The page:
I recently moved to Rhode Island and my mash efficiency has suffered. The main part of my process that has changed is the water. The pH as measured by colorpHast strips (and two other off brands) starts out around 5.5 (with the systematic error of 0.3 as observed by Braukaiser, that's 5.8).
This pH is ridiculously low to work with, and I've been having a hard time. I've used more calcium carbonate (chalk) and sodium bicarbonate (baking soda) than I like to raise the pH to acceptable levels in the mash (it gets to the 4-5 pH range even with a mash of around 14 SRM).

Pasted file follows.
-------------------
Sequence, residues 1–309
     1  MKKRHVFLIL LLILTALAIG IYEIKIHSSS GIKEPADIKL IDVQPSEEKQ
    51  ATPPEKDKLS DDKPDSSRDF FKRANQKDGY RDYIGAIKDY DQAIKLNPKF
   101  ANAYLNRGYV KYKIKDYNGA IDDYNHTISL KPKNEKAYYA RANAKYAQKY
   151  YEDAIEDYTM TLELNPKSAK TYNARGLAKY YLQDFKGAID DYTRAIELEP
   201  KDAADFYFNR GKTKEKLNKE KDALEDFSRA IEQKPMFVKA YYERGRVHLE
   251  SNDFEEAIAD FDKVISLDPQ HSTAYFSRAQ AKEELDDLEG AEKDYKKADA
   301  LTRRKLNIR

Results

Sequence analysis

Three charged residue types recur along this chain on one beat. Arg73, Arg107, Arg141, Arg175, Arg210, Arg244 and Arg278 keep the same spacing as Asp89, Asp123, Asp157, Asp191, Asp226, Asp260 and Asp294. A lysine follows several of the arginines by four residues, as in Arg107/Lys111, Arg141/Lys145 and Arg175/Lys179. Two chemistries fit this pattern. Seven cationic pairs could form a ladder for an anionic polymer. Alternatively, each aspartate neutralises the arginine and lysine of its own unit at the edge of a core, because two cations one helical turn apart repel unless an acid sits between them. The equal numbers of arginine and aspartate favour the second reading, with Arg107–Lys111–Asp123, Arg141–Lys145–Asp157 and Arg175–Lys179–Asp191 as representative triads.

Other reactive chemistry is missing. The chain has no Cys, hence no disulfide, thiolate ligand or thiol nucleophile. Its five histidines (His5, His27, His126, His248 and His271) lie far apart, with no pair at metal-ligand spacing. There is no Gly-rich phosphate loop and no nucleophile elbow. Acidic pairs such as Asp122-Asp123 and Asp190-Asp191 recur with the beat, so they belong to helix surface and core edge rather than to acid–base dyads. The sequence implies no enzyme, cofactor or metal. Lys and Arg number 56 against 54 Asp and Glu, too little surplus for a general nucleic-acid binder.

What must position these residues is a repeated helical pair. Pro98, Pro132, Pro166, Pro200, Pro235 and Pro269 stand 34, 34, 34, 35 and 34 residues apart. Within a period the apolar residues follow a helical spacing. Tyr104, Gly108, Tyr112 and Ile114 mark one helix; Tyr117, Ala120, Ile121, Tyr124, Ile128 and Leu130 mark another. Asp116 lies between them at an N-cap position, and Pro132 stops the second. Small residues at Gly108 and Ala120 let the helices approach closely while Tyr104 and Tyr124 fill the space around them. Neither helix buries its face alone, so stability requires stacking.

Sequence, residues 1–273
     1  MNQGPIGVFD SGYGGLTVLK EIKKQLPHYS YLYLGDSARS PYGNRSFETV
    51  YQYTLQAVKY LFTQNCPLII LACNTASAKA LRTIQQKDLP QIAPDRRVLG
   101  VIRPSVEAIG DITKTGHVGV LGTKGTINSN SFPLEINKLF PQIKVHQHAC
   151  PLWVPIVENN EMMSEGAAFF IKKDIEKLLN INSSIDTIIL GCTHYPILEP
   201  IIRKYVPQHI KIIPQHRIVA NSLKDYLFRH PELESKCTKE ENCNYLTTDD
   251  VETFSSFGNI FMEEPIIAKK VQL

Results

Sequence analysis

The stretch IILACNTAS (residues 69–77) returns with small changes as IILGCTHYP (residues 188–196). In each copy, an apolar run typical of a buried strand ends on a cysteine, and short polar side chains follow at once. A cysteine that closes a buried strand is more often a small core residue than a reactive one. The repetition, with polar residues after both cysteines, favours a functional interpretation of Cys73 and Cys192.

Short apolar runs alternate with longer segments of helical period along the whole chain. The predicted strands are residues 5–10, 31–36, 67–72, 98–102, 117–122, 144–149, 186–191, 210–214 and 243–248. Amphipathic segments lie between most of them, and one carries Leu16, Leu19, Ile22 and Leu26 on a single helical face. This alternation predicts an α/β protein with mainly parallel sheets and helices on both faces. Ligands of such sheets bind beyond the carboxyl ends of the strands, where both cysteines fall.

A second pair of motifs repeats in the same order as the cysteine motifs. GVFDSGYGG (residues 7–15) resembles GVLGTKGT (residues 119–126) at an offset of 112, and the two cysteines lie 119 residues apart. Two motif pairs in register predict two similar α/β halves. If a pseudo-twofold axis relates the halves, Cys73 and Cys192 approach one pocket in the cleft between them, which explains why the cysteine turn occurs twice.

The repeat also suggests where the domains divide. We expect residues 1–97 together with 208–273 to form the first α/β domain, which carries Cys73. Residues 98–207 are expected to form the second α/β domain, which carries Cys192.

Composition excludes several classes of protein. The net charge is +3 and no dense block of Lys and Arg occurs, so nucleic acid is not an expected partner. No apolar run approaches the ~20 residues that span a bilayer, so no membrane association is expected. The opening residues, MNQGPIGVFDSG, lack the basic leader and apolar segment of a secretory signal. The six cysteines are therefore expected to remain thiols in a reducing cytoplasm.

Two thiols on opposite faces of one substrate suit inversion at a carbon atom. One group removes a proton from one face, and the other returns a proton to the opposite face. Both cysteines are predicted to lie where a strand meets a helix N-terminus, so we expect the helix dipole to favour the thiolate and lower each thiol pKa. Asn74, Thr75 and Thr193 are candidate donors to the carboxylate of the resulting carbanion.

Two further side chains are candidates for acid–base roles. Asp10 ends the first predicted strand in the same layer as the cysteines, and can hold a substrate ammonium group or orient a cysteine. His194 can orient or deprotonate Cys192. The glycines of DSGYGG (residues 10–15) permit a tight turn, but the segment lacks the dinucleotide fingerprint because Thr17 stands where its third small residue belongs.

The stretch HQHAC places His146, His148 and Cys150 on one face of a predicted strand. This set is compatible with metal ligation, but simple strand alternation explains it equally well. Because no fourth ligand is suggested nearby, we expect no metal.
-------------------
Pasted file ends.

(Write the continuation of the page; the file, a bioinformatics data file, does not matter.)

I've also taken to steeping roasted (and really any 100+ Lovibond grain) grains for pretty much every beer I mash to avoid dropping the pH with darker grains.
What else can I use to raise the pH?
I've heard sodium hydroxide (food grade) might be usable, but I have no experience with it and haven't found much about it with regard to mashing wort. It's also caustic and somewhat dangerous to handle from what I hear.
I've also heard that calcium hydroxide (used for pickling) is an option. I think I might order some of this from Amazon and try it out.